I’ve been participating in Emergence Magazine’s Writing Beyond the Environment Course over the past few weeks. At our meeting yesterday, we heard from Scott Russell Sanders and were invited into his gathered wisdom as a writer who seeks to illuminate those moments when we find ourselves as humans in deep communion with the natural world, when the imagined boundaries between ourselves and the natural world fall away and when we remember that we are nature.
A few thoughts that I’m still chewing on:
- His note about how technology separates us from the world, and his discussion of technology as quite simple–houses, lighting, even chairs. It feels novel and exciting to me to consider what technologies separate me further from this communion and which facilitate it, and I think this awareness could invite me into simpler ways of being.
- That his writing process involves meticulously moving through passages until they are “right.” Instead of writing drafts and then combing through them later, he stops and works on a passage or description until it feels right to him and then moves on. It felt freeing to hear him say this and offered permission to enter a deeper way of engaging a piece of writing than just “getting it down.”
- In a discussion of the term “wilderness” as a colonizing term, I began to wonder about how both English translations of the Hebrew and Greek terms for wilderness in the Hebrew Bible and New Testament might have contributed to a muddying of definition.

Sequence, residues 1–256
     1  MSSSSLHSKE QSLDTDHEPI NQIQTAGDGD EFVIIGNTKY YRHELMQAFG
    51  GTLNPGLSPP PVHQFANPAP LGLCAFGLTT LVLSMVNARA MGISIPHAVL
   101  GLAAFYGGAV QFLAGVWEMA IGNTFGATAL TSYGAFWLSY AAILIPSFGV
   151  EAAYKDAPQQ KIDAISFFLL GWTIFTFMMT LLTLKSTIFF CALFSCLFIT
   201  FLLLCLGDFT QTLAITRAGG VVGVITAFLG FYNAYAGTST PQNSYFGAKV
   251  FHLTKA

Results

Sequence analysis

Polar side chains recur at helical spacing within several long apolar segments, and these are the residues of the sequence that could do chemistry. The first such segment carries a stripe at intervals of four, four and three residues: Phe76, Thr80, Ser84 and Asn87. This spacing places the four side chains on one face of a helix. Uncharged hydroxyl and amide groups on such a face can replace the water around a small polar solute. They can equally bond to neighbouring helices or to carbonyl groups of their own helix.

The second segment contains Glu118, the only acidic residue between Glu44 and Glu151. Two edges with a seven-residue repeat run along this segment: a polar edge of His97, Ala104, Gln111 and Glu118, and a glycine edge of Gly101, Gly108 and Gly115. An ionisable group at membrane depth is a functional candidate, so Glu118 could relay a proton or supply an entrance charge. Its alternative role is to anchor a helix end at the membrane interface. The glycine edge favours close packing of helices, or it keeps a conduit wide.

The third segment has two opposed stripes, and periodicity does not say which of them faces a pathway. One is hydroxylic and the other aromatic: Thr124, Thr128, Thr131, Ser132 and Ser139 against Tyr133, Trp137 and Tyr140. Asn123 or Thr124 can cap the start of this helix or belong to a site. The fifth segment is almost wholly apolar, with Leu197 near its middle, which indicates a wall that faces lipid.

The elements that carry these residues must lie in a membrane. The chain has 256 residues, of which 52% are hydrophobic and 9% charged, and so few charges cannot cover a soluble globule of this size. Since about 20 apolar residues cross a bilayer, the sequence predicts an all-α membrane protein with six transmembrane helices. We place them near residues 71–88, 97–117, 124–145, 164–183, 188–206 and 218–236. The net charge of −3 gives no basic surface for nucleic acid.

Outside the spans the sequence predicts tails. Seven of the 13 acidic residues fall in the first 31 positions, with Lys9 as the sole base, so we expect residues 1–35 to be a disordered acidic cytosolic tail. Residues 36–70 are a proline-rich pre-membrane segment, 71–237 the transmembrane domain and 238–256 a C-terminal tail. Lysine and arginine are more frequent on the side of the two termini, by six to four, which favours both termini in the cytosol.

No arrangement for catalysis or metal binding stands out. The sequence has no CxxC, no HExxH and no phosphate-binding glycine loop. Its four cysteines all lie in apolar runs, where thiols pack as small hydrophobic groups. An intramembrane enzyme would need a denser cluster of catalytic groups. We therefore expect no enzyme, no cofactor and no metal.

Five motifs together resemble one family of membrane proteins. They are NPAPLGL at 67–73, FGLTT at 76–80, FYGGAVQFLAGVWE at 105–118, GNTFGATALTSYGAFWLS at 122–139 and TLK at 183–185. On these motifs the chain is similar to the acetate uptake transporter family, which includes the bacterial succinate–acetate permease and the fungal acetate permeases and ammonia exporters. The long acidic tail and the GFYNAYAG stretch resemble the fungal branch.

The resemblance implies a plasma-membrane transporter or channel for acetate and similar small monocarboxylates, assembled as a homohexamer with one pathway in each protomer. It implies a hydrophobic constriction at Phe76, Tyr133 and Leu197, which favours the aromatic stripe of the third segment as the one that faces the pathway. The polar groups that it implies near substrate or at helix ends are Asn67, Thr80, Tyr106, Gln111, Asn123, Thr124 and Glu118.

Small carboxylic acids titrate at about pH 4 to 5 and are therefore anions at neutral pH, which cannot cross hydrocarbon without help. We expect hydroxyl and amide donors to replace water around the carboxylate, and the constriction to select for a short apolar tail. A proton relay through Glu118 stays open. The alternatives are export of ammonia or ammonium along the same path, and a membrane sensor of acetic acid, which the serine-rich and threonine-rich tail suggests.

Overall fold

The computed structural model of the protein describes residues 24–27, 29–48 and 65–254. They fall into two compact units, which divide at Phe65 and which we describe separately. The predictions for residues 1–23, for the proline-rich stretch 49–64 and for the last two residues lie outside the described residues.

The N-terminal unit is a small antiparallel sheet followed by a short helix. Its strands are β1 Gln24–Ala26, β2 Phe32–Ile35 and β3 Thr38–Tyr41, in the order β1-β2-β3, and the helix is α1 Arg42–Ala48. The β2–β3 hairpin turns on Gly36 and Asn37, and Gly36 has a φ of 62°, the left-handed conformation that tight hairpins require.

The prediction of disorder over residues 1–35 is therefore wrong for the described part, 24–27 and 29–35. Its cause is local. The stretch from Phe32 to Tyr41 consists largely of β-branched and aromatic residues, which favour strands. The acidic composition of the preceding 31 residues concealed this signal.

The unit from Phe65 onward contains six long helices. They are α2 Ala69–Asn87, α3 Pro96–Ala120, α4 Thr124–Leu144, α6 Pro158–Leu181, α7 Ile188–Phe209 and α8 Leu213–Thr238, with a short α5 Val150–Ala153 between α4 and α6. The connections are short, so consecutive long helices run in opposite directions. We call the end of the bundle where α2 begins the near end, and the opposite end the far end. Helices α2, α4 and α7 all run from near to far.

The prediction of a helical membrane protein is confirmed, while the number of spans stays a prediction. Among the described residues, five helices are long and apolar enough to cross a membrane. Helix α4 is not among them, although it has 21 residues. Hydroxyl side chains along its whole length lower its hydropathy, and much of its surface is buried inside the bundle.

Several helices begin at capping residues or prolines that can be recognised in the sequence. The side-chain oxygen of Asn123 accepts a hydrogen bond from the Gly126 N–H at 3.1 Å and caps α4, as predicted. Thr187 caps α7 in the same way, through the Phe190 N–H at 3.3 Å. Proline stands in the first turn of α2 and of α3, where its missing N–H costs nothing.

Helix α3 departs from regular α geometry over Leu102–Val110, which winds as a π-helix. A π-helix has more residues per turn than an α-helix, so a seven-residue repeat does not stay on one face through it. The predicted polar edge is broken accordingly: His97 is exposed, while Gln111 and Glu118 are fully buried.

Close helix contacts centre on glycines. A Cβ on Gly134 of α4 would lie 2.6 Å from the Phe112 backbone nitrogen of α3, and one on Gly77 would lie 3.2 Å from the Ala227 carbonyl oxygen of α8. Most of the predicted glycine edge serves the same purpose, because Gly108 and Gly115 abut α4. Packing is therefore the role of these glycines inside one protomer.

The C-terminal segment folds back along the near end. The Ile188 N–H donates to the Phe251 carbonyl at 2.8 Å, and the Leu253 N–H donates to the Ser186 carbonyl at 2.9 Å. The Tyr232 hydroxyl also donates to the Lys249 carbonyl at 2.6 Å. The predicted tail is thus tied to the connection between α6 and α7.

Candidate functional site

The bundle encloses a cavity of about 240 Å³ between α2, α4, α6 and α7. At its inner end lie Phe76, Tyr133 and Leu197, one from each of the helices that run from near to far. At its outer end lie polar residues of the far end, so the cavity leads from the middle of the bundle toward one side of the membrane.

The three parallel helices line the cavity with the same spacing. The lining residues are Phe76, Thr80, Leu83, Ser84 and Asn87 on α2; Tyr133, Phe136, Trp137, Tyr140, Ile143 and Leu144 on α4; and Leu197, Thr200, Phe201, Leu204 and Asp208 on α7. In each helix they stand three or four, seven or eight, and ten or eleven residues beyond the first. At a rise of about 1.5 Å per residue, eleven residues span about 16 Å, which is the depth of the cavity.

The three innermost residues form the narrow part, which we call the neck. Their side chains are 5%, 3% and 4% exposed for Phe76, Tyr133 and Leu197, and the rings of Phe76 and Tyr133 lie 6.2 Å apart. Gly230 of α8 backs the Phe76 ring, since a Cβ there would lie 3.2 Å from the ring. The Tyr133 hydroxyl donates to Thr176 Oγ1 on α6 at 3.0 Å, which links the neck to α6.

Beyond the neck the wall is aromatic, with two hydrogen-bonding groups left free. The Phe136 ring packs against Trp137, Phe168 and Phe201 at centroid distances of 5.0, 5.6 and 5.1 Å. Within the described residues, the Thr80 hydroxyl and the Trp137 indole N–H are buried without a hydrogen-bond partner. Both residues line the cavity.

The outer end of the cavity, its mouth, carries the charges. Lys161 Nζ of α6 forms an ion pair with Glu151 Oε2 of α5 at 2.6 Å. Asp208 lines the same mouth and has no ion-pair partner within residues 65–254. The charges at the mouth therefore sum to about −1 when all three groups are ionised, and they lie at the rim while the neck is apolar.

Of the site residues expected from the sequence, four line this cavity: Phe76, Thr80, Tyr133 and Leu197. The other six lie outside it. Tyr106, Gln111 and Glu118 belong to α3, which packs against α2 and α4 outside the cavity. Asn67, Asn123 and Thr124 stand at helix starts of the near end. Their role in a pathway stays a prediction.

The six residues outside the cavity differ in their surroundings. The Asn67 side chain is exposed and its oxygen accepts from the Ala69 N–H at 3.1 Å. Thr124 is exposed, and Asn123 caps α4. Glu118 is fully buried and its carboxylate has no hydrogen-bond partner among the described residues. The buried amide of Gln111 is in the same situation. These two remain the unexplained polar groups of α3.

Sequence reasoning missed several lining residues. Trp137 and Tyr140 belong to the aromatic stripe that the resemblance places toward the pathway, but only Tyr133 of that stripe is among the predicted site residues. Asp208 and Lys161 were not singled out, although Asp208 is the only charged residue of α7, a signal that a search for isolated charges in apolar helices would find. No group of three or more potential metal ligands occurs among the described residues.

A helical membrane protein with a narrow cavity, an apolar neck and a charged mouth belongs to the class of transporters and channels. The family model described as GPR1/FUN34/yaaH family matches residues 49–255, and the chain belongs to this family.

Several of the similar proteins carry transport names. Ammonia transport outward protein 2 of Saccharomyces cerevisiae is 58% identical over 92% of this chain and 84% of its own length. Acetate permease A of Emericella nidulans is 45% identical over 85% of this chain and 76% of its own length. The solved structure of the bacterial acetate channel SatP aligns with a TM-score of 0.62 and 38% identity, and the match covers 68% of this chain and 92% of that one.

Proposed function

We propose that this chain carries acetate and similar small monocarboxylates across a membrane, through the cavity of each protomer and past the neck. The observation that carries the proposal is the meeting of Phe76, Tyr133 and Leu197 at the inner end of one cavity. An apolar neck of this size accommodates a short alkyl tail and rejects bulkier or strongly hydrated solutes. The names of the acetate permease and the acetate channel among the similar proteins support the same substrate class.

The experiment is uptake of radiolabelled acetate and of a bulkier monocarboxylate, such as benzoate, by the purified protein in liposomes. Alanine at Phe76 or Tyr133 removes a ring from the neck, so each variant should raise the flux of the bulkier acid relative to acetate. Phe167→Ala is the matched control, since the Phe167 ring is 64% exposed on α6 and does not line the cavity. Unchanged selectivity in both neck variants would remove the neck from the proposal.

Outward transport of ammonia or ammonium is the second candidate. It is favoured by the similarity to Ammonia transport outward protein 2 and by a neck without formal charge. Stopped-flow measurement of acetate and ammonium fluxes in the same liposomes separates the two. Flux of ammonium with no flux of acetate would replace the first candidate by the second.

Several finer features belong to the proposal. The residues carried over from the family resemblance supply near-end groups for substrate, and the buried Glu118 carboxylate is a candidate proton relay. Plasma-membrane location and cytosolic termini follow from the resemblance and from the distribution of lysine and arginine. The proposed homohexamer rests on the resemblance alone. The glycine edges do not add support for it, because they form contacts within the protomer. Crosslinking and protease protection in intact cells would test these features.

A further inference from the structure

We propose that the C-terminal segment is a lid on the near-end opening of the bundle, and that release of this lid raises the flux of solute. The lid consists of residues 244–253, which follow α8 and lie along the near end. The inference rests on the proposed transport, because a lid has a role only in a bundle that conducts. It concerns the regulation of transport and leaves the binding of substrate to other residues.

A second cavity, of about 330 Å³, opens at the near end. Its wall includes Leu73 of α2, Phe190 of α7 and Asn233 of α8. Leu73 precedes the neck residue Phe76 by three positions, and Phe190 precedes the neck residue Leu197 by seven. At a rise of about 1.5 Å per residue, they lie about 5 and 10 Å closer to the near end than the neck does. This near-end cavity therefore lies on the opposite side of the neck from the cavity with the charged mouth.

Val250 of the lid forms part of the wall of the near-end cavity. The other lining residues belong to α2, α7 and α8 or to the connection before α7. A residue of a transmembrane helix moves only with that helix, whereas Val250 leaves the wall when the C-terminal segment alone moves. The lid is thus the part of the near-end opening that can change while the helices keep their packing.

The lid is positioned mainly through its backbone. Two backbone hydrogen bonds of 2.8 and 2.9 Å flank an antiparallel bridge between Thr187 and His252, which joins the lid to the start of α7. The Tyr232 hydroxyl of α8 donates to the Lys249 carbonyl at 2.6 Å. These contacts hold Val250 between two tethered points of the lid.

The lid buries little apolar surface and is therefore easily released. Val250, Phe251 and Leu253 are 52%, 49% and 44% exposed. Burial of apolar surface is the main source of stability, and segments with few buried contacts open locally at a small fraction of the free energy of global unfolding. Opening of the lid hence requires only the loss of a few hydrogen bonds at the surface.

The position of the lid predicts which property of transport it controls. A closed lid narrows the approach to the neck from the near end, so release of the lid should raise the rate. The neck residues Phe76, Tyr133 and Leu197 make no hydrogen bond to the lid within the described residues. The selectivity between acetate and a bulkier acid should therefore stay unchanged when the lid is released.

Reading this article, I learned that the Hebrew midbar can mean a place where domesticated animals live or where wild animals live, or an uninhabited land where humans are nomads. The Hebrew chorbah can mean a land that lies waste. And the yeshimon can mean land without water. The Greek eremos / eremia can mean an isolated place. Yet, each of these terms is translated as “wilderness” in English.
In the landscape of these texts, at the time they were written, the actual environmental composition and experience of these lands might be radically different than the experience of “wilderness” in other contexts. For example, how might a generation of European immigrants to North America understand the world “wilderness” when a Christian preacher presents it to them, having never encountered a desert wasteland, but for the first time encountering the vast virgin forests, mountain ranges, prairies, and rivers of their new home?
Additionally, how does the re-contexting of “wilderness” by Christian thinkers to a metaphorical sense allow for the immigrant American to cast the wilds of the land as “wilderness,” and thus a place of spiritual struggle and turmoil? Lots to consider here.
Overall, it was a generative time, but I continue to hold the question for myself: why does it matter that we write and tell the stories of deep communion? It’s really a question I’m holding for myself. Why does it matter to me and for me to write these stories?
Would love to hear thoughts if any readers have them!